The Place where God Died – the story of Gyzele, from Kosovo. “In Port Hedland the guards came into our rooms at night, waking everybody to see our identification tags. They would flash their torches and yell our numbers, as though we were dogs. Now the children wake up in the night screaming, thinking that the guards are by their beds.” Written by Melanie Poole.

Mother pleads for her son’s release – An Iranian nurse pleads for the release of her seven-year old son from Woomera.

Not welcome“Although they knew little of Australia both men remembered an Australian film they had seen about a man who found an animal in the wilderness and cared for it. From this they had gained the impression that Australians were kind. Later they would ruefully remember the film when the guards at the Woomera Detention Centre taunted them …”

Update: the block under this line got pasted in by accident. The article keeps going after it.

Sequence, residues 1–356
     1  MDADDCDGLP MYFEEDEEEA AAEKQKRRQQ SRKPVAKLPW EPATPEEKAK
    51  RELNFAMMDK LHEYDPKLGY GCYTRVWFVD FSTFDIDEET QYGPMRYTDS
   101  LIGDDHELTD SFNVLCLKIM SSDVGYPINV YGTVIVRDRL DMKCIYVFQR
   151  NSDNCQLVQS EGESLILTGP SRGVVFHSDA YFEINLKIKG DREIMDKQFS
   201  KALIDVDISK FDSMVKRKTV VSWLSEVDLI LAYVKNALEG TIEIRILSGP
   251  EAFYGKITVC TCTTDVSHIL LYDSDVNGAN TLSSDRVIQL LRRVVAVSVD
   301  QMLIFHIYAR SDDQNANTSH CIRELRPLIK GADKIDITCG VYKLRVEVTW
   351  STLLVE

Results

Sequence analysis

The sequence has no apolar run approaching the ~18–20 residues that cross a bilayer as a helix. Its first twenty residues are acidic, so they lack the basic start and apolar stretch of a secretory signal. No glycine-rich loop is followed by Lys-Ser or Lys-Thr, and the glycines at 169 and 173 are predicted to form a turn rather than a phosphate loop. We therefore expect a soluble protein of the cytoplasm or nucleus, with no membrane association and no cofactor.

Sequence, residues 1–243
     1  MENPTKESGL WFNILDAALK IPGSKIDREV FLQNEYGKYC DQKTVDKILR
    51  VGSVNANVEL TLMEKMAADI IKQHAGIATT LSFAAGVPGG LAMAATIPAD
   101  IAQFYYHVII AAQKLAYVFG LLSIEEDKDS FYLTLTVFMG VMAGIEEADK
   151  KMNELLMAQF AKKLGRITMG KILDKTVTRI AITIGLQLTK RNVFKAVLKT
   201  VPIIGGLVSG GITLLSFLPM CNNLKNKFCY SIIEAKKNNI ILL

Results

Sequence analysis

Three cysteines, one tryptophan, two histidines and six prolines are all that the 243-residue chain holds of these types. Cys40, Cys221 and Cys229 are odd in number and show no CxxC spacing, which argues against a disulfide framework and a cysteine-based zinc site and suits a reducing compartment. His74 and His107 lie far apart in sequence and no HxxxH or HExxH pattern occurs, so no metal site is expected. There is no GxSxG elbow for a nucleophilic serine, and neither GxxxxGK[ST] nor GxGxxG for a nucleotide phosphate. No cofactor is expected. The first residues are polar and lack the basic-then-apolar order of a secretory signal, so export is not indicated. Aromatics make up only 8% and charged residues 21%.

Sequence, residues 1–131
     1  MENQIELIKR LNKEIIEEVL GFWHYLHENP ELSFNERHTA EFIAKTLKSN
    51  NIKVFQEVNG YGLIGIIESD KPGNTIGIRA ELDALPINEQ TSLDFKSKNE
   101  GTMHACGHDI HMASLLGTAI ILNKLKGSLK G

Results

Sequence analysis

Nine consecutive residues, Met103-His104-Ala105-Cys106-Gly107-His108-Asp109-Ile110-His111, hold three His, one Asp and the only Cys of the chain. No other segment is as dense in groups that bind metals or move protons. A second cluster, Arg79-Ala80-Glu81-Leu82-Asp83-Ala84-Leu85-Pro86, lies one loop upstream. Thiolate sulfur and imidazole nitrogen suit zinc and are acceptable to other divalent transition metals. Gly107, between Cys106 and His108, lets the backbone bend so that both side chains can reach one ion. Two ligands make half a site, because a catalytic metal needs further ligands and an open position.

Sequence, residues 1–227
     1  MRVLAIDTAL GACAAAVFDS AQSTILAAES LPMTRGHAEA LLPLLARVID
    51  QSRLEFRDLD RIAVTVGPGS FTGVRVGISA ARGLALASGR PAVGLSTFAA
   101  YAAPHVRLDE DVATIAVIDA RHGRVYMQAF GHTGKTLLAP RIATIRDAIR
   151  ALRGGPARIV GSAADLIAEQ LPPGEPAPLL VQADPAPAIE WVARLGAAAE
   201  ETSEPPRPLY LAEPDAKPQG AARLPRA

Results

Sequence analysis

Where are the queues? “He’s a graduate of Adelaide University in dry land agriculture – one would think he would be an ideal immigrant to this country … He fled the Taliban regime to Pakistan, as I am told, and despite almost a decade applying for refugee status, he has been continually refused …” – Peter Andren MHR

Children from the camps – Stories from Australian Detention Centres 2002. “…deeply traumatised, Faisal stopped eating and drinking. In the end, he stopped talking. He was hospitalised eight times before being placed in a foster home – separated from his family against all the advice of the medical team … the foster family were unable to cope.”

Rahim – a medical doctor, jailed by the Taliban, has now asked to be repatriated to Afghanistan rather than “die slowly” in detention in Australia.

Sari – “When her labour pains started, two Australasian Correctional Management guards escorted her to hospital … Her husband was not allowed near her the whole time she was in hospital. The two guards were present throughout her hospital stay.”

Mahboba Rawi – working tirelessly to improve the situation of her own people in Afghanistan and in the Pakistan refugee camps.